The functional neuroanatomy of face perception: from brain measurements to deep neural networks

Interface Focus. 2018 Aug 6;8(4):20180013. doi: 10.1098/rsfs.2018.0013. Epub 2018 Jun 15.


A central goal in neuroscience is to understand how processing within the ventral visual stream enables rapid and robust perception and recognition. Recent neuroscientific discoveries have significantly advanced understanding of the function, structure and computations along the ventral visual stream that serve as the infrastructure supporting this behaviour. In parallel, significant advances in computational models, such as hierarchical deep neural networks (DNNs), have brought machine performance to a level that is commensurate with human performance. Here, we propose a new framework using the ventral face network as a model system to illustrate how increasing the neural accuracy of present DNNs may allow researchers to test the computational benefits of the functional architecture of the human brain. Thus, the review (i) considers specific neural implementational features of the ventral face network, (ii) describes similarities and differences between the functional architecture of the brain and DNNs, and (iii) provides a hypothesis for the computational value of implementational features within the brain that may improve DNN performance. Importantly, this new framework promotes the incorporation of neuroscientific findings into DNNs in order to test the computational benefits of fundamental organizational features of the visual system.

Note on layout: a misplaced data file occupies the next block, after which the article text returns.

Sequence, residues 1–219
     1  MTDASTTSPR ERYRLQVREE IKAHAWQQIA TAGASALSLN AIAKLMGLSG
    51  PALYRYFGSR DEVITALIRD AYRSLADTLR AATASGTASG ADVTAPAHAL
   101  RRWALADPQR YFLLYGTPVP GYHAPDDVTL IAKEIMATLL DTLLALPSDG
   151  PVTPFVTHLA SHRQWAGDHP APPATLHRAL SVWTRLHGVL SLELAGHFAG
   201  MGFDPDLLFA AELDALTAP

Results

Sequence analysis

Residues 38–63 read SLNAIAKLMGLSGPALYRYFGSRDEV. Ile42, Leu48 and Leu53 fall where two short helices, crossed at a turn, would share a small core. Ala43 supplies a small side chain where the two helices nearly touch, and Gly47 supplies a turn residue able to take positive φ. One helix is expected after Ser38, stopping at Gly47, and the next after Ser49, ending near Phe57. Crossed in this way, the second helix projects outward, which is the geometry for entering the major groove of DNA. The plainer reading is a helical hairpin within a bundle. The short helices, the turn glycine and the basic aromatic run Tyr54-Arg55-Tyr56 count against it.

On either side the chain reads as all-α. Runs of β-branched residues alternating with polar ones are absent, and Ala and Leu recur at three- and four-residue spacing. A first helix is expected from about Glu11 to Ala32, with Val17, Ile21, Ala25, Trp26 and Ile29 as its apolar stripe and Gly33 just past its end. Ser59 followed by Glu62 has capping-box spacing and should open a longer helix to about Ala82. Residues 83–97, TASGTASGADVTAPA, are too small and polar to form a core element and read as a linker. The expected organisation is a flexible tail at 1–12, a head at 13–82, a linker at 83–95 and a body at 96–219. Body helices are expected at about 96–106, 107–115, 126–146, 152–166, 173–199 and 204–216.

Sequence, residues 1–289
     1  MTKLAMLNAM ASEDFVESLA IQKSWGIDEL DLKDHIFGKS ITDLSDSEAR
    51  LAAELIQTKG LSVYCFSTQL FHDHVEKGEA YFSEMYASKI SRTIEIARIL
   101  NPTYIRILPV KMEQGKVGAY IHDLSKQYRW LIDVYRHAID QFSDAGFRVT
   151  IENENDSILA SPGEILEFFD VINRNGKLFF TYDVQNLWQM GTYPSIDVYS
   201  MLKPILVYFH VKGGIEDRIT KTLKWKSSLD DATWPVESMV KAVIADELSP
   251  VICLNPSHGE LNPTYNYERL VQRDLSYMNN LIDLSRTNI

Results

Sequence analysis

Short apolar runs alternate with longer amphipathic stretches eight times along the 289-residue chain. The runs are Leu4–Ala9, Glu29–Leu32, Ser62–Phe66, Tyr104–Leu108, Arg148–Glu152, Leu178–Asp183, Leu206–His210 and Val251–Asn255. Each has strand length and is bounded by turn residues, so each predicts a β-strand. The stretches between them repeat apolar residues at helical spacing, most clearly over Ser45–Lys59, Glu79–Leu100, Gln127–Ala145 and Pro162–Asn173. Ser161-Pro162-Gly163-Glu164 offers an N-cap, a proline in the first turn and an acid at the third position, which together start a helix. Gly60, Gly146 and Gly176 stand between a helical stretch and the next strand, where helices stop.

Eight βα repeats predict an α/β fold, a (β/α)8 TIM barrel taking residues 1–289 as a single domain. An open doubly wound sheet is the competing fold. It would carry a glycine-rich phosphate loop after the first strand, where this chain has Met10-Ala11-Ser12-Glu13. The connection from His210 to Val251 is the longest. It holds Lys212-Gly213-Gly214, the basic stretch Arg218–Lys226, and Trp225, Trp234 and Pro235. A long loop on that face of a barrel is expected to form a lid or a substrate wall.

Keywords: fMRI; human ventral visual stream; population receptive field.

Publication types

  • Review